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A History of Science, Volume 4(of 5)_Henry Smith Williams

A History of Science, Volume 4(of 5)_Henry Smith Williams

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 The Project Gutenberg EBook of A History of Science, Volume 4(of 5), byHenry Smith WilliamsThis eBook is for the use of anyone anywhere at no cost and withalmost no restrictions whatsoever. You may copy it, give it away orre-use it under the terms of the Project Gutenberg License includedwith this eBook or online at www.gutenberg.orgTitle: A History of Science, Volume 4(of 5)Author: Henry Smith WilliamsRelease Date: November 18, 2009 [EBook #1708]Language: EnglishCharacter set encoding: ASCII*** START OF THIS PROJECT GUTENBERG EBOOK HISTORY OF SCIENCE, V4***Produced by Charles Keller, and David Widger
 I. THE PHLOGISTON THEORY IN CHEMISTRYII. THE BEGINNINGS OF MODERN CHEMISTRYIII. CHEMISTRY SINCE THE TIME OF DALTONIV. ANATOMY AND PHYSIOLOGY IN THE EIGHTEENTH CENTURYV. ANATOMY AND PHYSIOLOGY IN THE NINETEENTH CENTURYVI. THEORIES OF ORGANIC EVOLUTIONVII. EIGHTEENTH-CENTURY MEDICINEVIII. NINETEENTH-CENTURY MEDICINEIX. THE NEW SCIENCE OF EXPERIMENTAL PSYCHOLOGYX. THE NEW SCIENCE OF ORIENTAL ARCHAEOLOGYAPPENDIXBOOK IV. MODERN DEVELOPMENT OF THE CHEMICAL AND BIOLOGICALSCIENCESAS regards chronology, the epoch covered in the present volume is identical with thatviewed in the preceding one. But now as regards subject matter we pass on to those diversephases of the physical world which are the field of the chemist, and to those yet moreintricate processes which have to do with living organisms. So radical are the changes herethat we seem to be entering new worlds; and yet, here as before, there are intimations of thenew discoveries away back in the Greek days. The solution of the problem of respirationwill remind us that Anaxagoras half guessed the secret; and in those diversified studieswhich tell us of the Daltonian atom in its wonderful transmutations, we shall be remindedagain of the Clazomenian philosopher and his successor Democritus.
Yet we should press the analogy much too far were we to intimate that the Greek of theelder day or any thinker of a more recent period had penetrated, even in the vaguest way,all of the mysteries that the nineteenth century has revealed in the fields of chemistry andbiology. At the very most the insight of those great Greeks and of the wonderfulseventeenth-century philosophers who so often seemed on the verge of our later discoveriesdid no more than vaguely anticipate their successors of this later century. To gain anaccurate, really specific knowledge of the properties of elementary bodies was reserved forthe chemists of a recent epoch. The vague Greek questionings as to organic evolution wereworld-wide from the precise inductions of a Darwin. If the mediaeval Arabian endeavoredto dull the knife of the surgeon with the use of drugs, his results hardly merit to be termedeven an anticipation of modern anaesthesia. And when we speak of preventive medicine
of bacteriology in all its phases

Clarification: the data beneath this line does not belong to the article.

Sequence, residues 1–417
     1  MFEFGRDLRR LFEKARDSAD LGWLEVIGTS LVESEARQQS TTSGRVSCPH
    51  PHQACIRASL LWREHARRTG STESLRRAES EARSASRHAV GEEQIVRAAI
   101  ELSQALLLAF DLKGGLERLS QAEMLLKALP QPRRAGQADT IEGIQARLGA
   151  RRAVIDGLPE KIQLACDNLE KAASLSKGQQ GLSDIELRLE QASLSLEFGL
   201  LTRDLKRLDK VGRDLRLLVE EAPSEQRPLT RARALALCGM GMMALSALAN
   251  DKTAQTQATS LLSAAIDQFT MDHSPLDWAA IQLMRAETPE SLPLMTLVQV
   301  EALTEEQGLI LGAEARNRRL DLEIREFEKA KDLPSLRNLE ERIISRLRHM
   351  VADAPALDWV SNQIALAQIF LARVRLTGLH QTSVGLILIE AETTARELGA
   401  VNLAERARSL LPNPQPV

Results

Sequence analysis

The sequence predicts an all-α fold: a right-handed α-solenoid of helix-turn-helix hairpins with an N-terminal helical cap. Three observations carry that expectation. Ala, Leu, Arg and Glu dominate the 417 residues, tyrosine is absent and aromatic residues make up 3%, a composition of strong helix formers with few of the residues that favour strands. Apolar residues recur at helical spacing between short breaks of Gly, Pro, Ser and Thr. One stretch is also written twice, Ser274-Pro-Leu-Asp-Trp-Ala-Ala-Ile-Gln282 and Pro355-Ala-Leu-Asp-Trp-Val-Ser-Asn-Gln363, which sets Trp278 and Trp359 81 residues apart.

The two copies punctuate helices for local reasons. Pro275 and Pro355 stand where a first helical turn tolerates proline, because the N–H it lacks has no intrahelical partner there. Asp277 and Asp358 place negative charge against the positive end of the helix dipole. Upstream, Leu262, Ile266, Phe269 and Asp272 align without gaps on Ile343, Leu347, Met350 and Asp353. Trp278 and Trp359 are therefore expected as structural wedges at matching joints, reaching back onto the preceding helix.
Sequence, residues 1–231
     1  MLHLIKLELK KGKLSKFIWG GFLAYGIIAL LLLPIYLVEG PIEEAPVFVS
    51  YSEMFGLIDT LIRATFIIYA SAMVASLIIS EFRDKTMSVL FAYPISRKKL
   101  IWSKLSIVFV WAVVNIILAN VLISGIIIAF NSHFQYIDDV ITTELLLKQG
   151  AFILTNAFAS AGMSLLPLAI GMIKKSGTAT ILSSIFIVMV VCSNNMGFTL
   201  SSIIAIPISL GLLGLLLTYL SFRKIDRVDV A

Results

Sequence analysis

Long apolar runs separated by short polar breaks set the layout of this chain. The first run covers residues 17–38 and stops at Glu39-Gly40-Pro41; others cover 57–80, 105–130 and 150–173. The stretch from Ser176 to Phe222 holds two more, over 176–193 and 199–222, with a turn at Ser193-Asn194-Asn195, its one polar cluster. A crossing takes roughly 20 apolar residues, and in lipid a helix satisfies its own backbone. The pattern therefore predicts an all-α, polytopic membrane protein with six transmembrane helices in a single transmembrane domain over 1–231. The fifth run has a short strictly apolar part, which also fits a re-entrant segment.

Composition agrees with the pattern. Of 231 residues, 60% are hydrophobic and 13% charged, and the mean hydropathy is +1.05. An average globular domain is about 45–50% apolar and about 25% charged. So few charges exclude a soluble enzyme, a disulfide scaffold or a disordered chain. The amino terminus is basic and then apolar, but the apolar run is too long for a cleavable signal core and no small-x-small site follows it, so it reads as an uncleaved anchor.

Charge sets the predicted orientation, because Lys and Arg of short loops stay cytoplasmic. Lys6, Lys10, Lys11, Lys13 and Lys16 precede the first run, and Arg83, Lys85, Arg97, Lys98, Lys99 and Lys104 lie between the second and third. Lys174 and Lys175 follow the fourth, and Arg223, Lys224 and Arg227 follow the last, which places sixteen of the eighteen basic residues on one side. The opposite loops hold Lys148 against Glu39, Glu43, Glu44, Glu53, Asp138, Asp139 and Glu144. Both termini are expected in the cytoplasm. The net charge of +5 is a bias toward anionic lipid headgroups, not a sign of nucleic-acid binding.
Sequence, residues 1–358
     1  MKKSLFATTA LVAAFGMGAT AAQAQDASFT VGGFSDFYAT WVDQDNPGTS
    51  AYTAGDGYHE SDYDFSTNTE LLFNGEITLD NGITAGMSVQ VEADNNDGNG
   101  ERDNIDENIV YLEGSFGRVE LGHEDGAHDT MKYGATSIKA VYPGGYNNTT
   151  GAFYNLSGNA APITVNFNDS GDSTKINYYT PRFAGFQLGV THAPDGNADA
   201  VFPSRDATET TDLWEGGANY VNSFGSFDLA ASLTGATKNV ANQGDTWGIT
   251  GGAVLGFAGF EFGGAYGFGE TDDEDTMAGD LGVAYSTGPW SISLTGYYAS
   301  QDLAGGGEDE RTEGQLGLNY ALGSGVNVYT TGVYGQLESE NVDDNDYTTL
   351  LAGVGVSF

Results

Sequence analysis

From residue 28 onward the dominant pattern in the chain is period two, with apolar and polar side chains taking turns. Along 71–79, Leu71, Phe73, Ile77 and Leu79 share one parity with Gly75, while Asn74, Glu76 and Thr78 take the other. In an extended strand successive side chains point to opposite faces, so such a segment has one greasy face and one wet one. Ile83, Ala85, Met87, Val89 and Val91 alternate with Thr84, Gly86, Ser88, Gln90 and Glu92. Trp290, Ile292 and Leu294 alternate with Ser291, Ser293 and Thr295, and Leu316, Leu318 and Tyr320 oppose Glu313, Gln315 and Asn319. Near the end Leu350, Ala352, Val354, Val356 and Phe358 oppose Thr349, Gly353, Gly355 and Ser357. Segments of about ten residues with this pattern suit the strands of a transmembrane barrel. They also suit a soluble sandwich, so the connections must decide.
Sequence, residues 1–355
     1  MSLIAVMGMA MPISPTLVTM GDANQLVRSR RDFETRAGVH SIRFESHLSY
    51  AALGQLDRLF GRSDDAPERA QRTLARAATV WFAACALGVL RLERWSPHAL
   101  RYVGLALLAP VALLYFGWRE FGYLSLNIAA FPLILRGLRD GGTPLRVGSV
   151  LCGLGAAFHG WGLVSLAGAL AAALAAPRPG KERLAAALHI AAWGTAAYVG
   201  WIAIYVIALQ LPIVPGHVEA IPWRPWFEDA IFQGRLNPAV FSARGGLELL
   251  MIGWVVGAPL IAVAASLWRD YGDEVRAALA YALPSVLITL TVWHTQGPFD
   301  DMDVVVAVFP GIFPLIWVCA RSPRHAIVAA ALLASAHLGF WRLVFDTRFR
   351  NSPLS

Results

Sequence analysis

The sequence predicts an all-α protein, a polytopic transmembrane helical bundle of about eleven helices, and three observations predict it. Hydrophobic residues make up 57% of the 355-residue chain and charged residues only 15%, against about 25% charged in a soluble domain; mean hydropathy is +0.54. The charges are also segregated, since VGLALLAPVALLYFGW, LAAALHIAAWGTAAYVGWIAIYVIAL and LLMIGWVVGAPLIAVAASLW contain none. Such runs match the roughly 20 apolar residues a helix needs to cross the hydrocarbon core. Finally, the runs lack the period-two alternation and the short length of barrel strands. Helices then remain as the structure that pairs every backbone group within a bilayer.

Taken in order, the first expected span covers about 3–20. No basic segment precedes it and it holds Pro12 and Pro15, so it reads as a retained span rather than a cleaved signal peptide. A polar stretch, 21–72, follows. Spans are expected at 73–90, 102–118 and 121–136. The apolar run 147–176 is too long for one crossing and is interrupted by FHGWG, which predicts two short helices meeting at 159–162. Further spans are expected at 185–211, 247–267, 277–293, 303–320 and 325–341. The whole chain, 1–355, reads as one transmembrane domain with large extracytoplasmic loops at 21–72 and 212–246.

we have to do with a marvellous field of which noprevious generation of men had even the slightest inkling.All in all, then, those that lie before us are perhaps the most wonderful and the mostfascinating of all the fields of science. As the chapters of the preceding book carried us outinto a macrocosm of inconceivable magnitude, our present studies are to reveal amicrocosm of equally inconceivable smallness. As the studies of the physicist attempted toreveal the very nature of matter and of energy, we have now to seek the solution of the yetmore inscrutable problems of life and of mind.I. THE PHLOGISTON THEORY IN CHEMISTRYThe development of the science of chemistry from the "science" of alchemy is a strikingexample of the complete revolution in the attitude of observers in the field of science. Ashas been pointed out in a preceding chapter, the alchemist, having a preconceived idea of how things should be, made all his experiments to prove his preconceived theory; while thechemist reverses this attitude of mind and bases his conceptions on the results of hislaboratory experiments. In short, chemistry is what alchemy never could be, an inductivescience. But this transition from one point of view to an exactly opposite one wasnecessarily a very slow process. Ideas that have held undisputed sway over the minds of succeeding generations for hundreds of years cannot be overthrown in a moment, unless theagent of such an overthrow be so obvious that it cannot be challenged. The rudimentarychemistry that overthrew alchemy had nothing so obvious and palpable.The great first step was the substitution of the one principle, phlogiston, for the threeprinciples, salt, sulphur, and mercury. We have seen how the experiment of burning orcalcining such a metal as lead "destroyed" the lead as such, leaving an entirely differentsubstance in its place, and how the original metal could be restored by the addition of wheatto the calcined product. To the alchemist this was "mortification" and "revivification" of themetal. For, as pointed out by Paracelsus, "anything that could be killed by man could alsobe revivified by him, although this was not possible to the things killed by God." Theburning of such substances as wood, wax, oil, etc., was also looked upon as the same

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